In the dawn of your adventure, your main concern is raising your rank by completing certain milestones such as traveling, finding artifacts, synthesizing items, defeating enemies and taking down bosses. With each rank more areas open for exploration. Also, there are always two spots in your party you can fill with recruits and change the party dynamic.

Atelier Totori’s basic structure extends to its turn-based battle system. Party members can actively guard Totori or counterattack – all by timing a button press. This interactivity precludes an option for auto-battle, but that doesn’t mean you won’t yearn for it. Half your quests are about killing a certain amount of monsters, so the repetitive, boring battles left us yawning. The quests don’t help with the tedium because they are all similar – you’ll even complete duplicate quests.

Here’s the saving grace: after the three year mark, many problems start to dissipate. Travel becomes more convenient, quests get more story-oriented, and more varied dungeons open up. Totori’s biggest issue is that it will turn off the players who don’t have patience, and it’s a shame. Were the pacing better, getting to the rewarding portions of the game wouldn’t be so frustrating. JRPG diehards will no doubt tolerate the slow introduction, and it’s hard not to admit that there’s something addictive about Totori despite its simplicity.

While the simplistic gameplay is reminiscent of eras gone by, the beautiful anime-styled graphics are a constant reminder that we’re playing a PlayStation 3 title. The game is just gorgeous to look at, incredibly vibrant, and always filled with the most intricate details to give each character a unique identity. The only gripe is that while each area is detailed, sometimes they can seem too similar. The flute-driven music follows suit: while quite pleasing, it’s overused. The voice acting also has its highs and lows. The female voices are done quite well, especially Totori’s, whose voice actress fully embraced her innocence and child-like charm. The male voices are mostly awful – the actors try to mimic a prepubescent pitch, but it’s grating instead of realistic. Remember Emil from Tales of Symphonia: Dawn of the New World? Expect annoying voices like that. There are some stand outs, though, such as Sterk, who hits his enigmatic lines flawlessly.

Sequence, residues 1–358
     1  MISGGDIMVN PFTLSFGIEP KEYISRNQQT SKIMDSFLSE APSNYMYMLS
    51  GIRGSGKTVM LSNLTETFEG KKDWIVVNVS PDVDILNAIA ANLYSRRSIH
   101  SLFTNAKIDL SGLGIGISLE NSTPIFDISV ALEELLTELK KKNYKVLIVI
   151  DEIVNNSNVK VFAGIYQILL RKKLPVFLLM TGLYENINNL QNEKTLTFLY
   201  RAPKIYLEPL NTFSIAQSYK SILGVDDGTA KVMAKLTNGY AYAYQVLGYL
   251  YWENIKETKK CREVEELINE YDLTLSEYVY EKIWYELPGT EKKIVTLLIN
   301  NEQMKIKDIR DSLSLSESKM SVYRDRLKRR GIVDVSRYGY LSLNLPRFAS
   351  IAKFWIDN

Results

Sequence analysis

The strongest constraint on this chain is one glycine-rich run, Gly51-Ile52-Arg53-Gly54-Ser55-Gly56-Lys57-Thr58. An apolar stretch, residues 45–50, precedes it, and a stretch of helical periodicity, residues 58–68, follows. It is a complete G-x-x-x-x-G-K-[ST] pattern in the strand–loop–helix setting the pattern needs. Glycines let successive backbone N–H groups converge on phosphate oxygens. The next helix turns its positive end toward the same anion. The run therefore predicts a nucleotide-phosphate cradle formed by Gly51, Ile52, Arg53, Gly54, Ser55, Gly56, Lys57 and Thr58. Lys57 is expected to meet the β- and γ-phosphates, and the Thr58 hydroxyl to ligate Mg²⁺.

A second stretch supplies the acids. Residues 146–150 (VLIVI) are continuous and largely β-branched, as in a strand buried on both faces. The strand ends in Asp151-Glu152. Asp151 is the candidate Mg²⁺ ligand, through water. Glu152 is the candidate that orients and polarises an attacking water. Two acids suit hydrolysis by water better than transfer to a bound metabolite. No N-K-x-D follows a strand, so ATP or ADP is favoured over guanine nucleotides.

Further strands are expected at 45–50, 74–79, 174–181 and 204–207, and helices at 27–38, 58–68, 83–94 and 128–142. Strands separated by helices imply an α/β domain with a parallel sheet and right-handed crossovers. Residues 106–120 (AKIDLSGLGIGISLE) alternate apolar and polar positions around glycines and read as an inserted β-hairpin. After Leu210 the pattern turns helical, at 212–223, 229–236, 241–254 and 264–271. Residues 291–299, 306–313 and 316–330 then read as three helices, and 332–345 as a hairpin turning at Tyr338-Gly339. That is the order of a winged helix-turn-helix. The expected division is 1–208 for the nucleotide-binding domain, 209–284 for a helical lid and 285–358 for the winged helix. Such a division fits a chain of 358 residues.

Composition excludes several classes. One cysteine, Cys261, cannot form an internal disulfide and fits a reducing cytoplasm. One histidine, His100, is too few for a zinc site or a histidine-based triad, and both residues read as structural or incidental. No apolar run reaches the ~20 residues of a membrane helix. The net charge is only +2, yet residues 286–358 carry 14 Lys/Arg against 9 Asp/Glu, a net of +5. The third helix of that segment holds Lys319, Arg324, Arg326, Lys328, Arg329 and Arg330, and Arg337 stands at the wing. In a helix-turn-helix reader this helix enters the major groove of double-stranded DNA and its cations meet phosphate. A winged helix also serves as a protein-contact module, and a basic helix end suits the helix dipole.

Atelier Totori is a solid RPG, but it’s far from an excellent one. It’s like the party you’ll attend because you don’t have much else going on. You may find it more enjoyable than expected, but then you’ll slowly be reminded why it wasn’t high on your priority list. There’s definitely an addiction to be found here, but the pacing nearly destroys that fun. Totori’s almost cute enough to let the first three years slide, but looks can’t get you everything.

Sep 30, 2011